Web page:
This article is about HTML (HyperText Markup Language). For other uses, see HTML (disambiguation).
HyperText Markup Language is the main type of markup language used to create web sites. It provides a well organized way to create structured documents by using complex but precise coding to create text, headings, paragraphs, lists, links, quotes and other items. It allows images, sound, and objects to be embedded and can be used to create interactive forms. It is written in the form of elements consisting of "tags" surrounded by angle brackets (
A long time ago, in a computer lab far, far away, some guys at IBM developed a language to aid in the production of documents. Features of this language were adopted by the Jedi Sir Tim Berners-Lee for his HyperText Markup Language, or HTML. As indicated by the term hypertext, this was designed around the concept of associating bits of text with the addresses of other documents. These bits of text were (and are) called hyperlinks, and are very simple and versatile so that HTML can evolve to support ever-increasing levels of communication without breaking them. Thus HTML has become the language, in fact the very essence, of the World Wide Web.
How to create HTML documents
In order to create an HTML document, users will need to first figure out if they are using a PC or a Mac.
- For PC users
- Go to your Start Menu, into All Programs, then Accessories. Search for the application program called Notepad. Open the program.
- For Mac users
- Download the TextWrangler program. After installing it, open up Finder, go to Applications, search for it by name, and open it.
After you have opened the right text-editing program, save the file with a filename extension of
.html. That will make this document an HTML document which you can edit to make webpages.
Visit the Tutorial for more information on creating web documents.
Main article: Tag
HTML tags are positioned within and next to each other in a document, and that placement results in the arrangement of elements on a screen or page. A tag is simply a series of characters between angle brackets, like
<p>. Both the tag's name and any attributes (see below) should be lowercase; case is ignored in ordinary HTML syntax but lowercase is required in XHTML.
Most elements are represented by opening (or start) and closing (end) tags, and require both in order to be valid. The previous example is an opening tag; a closing tag is the same as its opening partner, but with a forward slash just after the starting angle bracket:
Some tags, however, are self-closing tags, meaning that they close themselves using a forward slash just before the right angle bracket:
<br /> The space is included before the slash for compatibility with older browsers.
Aside: In most HTML5 documents, the slash in self-closing tags is not required, and in fact all previous HTML versions define it as something completely different; they are understood to be self-closing because they are defined that way. But it is required in XHTML (which the HTML5 standard defines a version of), so authors are advised to use it in all documents for both readability (to clarify that no closing tag is to be found) and compatibility (in case the markup gets placed in an XHTML document).
Main article: Attribute
One or more HTML attributes may be supplied after the element name in the opening (or self-closing) tag, and each one is separated from its previous neighbor by white space. An attribute consists of its name, such as "title," followed by an = (equals sign) and a value enclosed in two " (double quotes). For example, a div element with a title might be specified as:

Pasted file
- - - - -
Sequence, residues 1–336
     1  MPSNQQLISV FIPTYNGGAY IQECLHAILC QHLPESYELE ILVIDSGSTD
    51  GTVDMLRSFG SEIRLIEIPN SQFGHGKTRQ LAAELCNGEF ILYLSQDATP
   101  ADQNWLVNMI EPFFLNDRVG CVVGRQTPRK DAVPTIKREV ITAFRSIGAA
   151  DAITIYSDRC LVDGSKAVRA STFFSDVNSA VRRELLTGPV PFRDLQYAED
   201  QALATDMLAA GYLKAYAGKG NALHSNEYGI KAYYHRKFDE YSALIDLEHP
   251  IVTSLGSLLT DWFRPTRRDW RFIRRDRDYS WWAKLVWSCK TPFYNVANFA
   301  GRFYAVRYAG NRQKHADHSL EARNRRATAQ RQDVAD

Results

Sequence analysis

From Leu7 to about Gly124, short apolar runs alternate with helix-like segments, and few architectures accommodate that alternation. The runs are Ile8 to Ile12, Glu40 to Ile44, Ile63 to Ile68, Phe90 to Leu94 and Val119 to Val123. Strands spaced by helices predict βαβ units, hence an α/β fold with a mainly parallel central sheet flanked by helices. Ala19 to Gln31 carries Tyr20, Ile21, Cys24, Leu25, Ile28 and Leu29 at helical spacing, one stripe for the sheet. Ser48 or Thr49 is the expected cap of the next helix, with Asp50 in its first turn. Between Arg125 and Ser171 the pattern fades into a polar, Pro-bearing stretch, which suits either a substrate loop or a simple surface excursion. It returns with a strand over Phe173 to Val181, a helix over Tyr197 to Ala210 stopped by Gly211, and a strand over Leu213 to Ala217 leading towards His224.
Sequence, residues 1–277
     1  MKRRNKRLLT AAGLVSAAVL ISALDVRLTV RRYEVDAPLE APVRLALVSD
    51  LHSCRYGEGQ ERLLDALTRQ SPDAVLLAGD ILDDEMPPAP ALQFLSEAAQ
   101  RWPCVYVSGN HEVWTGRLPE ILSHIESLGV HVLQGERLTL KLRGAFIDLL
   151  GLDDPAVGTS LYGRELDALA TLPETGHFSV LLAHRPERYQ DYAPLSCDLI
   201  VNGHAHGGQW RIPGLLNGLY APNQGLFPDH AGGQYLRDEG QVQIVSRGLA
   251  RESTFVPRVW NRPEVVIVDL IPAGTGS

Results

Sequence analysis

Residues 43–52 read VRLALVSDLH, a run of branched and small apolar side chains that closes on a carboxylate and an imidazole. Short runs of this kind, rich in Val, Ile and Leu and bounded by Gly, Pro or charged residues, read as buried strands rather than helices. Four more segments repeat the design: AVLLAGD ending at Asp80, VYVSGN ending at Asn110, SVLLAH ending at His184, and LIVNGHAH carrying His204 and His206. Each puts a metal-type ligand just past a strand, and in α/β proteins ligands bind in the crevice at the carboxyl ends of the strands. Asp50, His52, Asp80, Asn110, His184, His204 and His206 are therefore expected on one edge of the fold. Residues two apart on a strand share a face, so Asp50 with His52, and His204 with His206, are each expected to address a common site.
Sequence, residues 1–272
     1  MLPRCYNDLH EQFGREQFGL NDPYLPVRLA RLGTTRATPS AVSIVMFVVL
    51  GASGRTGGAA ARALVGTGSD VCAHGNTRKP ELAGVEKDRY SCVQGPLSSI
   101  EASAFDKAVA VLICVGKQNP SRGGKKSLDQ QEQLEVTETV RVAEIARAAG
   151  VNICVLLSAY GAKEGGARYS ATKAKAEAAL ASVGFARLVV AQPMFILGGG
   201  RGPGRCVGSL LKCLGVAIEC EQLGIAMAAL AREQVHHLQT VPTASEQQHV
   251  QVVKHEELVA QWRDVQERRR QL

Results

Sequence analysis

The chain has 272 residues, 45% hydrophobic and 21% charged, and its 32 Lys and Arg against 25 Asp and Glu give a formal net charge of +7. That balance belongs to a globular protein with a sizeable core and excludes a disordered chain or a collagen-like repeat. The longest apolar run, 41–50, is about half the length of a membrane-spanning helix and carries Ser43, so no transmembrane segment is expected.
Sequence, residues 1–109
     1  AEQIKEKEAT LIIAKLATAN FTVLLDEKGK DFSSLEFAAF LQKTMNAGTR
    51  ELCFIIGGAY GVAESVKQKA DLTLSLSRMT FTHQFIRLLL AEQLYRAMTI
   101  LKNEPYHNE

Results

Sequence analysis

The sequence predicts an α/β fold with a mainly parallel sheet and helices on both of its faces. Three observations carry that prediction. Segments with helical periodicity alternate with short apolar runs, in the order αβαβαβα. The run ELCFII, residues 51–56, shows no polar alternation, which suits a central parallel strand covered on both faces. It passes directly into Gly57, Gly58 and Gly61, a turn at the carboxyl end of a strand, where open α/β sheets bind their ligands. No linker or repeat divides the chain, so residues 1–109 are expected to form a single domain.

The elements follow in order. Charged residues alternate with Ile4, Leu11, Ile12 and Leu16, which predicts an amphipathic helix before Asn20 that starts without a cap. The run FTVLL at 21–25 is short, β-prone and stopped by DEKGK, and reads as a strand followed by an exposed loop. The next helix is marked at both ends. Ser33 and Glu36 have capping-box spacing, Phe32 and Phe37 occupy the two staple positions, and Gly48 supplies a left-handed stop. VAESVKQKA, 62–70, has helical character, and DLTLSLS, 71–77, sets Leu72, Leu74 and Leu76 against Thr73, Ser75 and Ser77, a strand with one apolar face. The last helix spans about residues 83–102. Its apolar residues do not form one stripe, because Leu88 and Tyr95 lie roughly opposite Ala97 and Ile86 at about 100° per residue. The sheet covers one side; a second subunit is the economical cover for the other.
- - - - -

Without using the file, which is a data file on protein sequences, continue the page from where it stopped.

<div title="Godwin's law">As an online discussion grows longer, the probability of a comparison involving Nazis or Hitler approaches 1.</div>
Aside: In XHTML syntax, the quotes are required regardless of what the value is; in HTML and the primary syntax of HTML5, they are only required when the value contains a space. The quotes are valid in all HTML5 documents and recommended for compatibility with XHTML and, more importantly, the freedom from being concerned about attributes with spaces (which makes both reading and writing more difficult).
Boolean attributes do not supply any information other than their own presence or absence, which are interpreted as true and false respectively. For example, the selected attribute of
<input> elements indicates, when present, that its owner should default to being selected. The readonly and disabled attributes of
<textarea> elements cause the browser to prevent an element's contents from being changed by the user. When a boolean attribute is present, its value must be either the empty string or the attribute's name. In HTML syntax, if the = (equals sign) and value are omitted the attribute is known as empty and the value defaults to the empty string; however, as per XML this is not valid in XHTML and is therefore discouraged.
Main article: Element
The precise definition of an element is the digital representation of a pair of tags or a single self-closing one, an element "object" which keeps track of its attributes and, if applicable, child elements (everything within the tag pair); an element which cannot contain anything (except attributes) is a void element. Yet we normally don't mean the digital representation when we speak of elements (unless we're writing programs which handle it) but the abstract concept of something on a page or screen from which that representation evolved.